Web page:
What's In Blue

Posted Tue 15 Jul 2014

Sudan-South Sudan Consultations

Tomorrow morning (16 July), the Security Council is scheduled to hold its monthly consultations on Sudan-South Sudan. Special Envoy of the Secretary-General for Sudan and South Sudan Haile Menkerios (via videoconference) and Under-Secretary-General for Humanitarian Affairs Valerie Amos are expected to brief.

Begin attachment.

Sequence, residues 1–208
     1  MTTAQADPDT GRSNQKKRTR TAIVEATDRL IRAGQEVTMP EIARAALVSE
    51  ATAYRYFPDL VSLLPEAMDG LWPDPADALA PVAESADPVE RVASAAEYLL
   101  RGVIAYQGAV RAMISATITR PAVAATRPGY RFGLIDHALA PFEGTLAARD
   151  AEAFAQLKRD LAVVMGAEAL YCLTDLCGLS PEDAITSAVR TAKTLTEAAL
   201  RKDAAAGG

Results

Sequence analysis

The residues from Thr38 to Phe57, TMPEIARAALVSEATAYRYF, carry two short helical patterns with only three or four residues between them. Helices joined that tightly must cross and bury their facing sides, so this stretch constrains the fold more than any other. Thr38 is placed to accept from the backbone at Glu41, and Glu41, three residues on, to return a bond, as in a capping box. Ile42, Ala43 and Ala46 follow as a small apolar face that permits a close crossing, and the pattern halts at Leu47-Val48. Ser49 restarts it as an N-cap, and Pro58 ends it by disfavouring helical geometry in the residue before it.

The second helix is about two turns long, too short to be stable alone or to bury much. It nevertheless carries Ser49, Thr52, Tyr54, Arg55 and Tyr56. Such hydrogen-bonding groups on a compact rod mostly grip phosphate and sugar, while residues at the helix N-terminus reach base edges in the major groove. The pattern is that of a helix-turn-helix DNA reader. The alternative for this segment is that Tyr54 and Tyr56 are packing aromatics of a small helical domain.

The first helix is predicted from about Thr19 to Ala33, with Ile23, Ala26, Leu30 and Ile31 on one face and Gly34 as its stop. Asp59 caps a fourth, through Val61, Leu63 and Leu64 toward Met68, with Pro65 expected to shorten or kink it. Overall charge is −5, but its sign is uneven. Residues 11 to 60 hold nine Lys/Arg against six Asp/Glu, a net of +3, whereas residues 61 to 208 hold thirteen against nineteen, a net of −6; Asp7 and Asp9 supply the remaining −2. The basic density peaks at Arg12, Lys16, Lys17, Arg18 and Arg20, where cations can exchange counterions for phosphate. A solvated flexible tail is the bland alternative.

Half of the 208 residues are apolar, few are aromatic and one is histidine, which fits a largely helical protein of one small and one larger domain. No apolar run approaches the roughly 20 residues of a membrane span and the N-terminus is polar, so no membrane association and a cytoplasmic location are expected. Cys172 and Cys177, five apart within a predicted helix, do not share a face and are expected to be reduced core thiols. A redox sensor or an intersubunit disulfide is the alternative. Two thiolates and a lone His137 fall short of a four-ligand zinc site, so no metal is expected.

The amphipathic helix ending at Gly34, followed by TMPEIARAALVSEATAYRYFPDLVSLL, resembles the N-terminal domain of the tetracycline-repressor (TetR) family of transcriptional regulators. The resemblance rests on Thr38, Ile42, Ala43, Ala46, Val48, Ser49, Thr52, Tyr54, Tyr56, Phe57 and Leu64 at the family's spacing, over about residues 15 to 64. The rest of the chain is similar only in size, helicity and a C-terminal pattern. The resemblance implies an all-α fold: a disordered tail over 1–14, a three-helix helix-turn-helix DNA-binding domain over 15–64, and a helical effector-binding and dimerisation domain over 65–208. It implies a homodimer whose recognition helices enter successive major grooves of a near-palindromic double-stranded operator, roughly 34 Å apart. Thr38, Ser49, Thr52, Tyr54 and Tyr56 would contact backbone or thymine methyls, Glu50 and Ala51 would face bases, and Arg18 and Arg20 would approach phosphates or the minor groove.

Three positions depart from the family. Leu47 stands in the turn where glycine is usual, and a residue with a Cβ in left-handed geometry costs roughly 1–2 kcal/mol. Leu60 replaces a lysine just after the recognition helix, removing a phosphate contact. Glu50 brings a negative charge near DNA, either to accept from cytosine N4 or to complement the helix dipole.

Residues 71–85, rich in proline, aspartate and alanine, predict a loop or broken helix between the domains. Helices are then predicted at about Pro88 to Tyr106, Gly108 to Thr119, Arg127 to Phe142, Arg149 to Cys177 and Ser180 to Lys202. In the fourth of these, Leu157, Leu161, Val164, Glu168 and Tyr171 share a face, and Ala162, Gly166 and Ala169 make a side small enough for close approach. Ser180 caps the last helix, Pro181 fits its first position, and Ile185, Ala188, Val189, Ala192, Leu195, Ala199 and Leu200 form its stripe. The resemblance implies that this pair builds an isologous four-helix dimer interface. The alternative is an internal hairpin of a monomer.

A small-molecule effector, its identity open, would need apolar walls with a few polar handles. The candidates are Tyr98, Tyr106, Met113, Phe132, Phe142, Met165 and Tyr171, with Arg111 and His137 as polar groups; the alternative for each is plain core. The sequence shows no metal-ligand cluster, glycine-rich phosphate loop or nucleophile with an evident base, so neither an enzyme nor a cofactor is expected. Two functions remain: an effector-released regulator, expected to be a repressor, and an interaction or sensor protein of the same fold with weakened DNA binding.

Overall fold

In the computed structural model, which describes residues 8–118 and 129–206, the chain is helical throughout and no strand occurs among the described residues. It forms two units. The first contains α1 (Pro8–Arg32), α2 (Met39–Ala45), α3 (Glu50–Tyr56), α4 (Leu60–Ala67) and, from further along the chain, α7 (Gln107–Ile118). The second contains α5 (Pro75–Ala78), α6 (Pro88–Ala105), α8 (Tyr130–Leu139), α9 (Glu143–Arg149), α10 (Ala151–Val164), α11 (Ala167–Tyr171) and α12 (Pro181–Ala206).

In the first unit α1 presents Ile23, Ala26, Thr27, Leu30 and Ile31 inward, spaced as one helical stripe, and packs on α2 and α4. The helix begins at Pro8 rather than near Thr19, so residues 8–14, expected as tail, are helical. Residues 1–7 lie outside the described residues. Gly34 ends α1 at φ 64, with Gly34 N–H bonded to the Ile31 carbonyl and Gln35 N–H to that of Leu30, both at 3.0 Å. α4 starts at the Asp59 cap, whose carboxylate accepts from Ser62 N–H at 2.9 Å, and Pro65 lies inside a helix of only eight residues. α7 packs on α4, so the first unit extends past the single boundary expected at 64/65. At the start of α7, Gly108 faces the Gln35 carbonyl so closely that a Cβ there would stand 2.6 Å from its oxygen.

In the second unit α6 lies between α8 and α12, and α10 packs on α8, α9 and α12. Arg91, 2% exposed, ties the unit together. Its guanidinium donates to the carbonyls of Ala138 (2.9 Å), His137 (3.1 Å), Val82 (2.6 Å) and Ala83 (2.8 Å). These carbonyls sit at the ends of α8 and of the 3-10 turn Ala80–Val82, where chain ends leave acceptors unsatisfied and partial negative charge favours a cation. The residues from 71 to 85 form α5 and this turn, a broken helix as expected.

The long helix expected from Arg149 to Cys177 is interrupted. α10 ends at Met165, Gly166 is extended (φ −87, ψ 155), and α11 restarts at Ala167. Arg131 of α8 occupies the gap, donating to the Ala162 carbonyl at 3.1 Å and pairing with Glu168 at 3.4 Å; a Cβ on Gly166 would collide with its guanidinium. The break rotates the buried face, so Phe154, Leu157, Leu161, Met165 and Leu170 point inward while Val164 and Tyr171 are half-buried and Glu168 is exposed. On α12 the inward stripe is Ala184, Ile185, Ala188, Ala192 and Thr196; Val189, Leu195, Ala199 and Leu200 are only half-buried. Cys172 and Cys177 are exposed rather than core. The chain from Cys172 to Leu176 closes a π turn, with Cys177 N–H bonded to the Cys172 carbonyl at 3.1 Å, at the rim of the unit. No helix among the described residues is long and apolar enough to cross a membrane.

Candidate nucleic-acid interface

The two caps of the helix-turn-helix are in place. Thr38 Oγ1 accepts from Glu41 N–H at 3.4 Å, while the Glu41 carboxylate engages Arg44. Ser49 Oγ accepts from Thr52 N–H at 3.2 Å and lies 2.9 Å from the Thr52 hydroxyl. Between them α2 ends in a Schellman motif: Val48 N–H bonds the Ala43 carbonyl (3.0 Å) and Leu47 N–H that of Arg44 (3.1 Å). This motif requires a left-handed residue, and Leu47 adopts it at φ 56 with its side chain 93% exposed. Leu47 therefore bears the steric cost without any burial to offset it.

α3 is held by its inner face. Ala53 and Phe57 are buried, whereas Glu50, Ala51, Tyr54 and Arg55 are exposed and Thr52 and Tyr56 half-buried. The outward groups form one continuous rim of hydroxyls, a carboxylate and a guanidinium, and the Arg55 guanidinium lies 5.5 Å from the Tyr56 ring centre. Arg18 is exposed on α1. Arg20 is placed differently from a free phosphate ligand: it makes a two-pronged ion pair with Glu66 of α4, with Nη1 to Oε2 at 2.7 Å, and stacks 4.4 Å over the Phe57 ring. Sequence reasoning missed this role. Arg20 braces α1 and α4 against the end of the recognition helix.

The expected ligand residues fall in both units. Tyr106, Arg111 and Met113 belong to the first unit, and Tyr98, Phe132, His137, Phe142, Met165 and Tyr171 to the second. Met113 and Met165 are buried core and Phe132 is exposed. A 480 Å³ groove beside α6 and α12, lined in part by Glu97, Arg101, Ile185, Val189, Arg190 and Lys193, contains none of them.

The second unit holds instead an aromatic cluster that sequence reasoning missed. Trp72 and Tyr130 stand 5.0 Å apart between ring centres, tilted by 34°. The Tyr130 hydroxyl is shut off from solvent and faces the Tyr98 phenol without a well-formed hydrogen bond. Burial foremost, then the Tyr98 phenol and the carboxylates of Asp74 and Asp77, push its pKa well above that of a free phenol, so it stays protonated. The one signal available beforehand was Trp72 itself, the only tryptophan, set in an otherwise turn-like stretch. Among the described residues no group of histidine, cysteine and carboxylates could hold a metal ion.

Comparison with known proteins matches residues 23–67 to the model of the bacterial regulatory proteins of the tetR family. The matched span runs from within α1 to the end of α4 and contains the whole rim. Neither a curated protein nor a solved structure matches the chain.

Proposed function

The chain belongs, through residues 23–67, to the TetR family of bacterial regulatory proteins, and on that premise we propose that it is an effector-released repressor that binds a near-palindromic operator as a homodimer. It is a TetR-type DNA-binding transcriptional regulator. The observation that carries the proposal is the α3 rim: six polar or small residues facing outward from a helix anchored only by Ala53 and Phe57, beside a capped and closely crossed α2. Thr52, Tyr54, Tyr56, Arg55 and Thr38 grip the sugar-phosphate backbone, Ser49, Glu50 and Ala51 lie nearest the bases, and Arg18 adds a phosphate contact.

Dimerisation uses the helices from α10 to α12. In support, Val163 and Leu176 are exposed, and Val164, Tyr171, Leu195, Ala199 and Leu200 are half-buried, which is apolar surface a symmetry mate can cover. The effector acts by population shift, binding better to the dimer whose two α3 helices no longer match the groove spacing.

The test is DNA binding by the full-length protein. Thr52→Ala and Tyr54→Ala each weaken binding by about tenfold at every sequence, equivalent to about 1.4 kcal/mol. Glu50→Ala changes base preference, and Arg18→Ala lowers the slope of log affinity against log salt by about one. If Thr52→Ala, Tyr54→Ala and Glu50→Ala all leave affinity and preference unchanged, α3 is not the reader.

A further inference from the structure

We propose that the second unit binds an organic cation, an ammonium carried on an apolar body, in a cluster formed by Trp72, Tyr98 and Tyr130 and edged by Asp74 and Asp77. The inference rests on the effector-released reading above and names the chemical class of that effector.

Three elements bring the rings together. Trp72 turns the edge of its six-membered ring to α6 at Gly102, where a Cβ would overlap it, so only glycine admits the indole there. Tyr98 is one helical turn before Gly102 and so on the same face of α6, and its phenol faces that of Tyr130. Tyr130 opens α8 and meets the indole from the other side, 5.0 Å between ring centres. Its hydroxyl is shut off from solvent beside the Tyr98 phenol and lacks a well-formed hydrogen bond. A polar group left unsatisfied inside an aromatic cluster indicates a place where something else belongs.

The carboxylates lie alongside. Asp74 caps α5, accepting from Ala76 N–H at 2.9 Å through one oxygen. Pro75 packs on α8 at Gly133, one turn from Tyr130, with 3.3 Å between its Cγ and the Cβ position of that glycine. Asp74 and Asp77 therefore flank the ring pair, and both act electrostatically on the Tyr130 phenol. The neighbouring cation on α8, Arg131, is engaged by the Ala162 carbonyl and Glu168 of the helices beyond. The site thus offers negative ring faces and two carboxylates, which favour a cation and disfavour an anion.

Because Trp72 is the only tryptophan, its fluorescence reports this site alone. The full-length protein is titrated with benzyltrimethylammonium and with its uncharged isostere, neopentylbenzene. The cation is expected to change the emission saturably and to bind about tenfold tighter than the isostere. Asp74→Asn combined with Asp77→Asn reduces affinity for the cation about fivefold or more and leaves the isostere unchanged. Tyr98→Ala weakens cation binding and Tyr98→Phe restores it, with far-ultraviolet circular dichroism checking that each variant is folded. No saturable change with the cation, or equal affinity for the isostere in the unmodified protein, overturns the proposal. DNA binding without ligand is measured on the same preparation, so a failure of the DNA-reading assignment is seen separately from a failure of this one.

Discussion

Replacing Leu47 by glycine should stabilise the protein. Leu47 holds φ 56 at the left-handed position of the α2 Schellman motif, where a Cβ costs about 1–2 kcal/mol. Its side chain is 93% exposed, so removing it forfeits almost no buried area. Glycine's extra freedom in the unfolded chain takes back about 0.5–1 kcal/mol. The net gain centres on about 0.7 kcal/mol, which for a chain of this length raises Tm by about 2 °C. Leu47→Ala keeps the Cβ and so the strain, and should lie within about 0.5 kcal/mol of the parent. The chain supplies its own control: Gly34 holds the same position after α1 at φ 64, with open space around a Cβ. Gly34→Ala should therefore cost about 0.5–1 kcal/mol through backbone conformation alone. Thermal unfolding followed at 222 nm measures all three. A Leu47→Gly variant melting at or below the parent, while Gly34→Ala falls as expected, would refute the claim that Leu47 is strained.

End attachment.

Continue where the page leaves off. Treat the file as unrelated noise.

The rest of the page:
It is likely that Menkerios will give an overview of the status of the implementation of resolution 2046, which provided a roadmap for Sudan, South Sudan and the Sudan People’s Liberation Movement-North (SPLM-N) to resolve the outstanding issues facing them. These include the operation of border security mechanisms (i.e. the Safe Demilitarised Border Zone and the Joint Border Verification and Monitoring Mechanism), the establishment of temporary administrative bodies in the disputed Abyei region, the final status of Abyei, and negotiations toward a political settlement between Sudan and the SPLM-N in Sudan’s South Kordofan and Blue Nile states. Almost no progress has been made on these issues since the adoption of the resolution over two years ago. As a result, consistent with his recent meetings with Council members, Menkerios may have little to report with regard to the implementation of the resolution.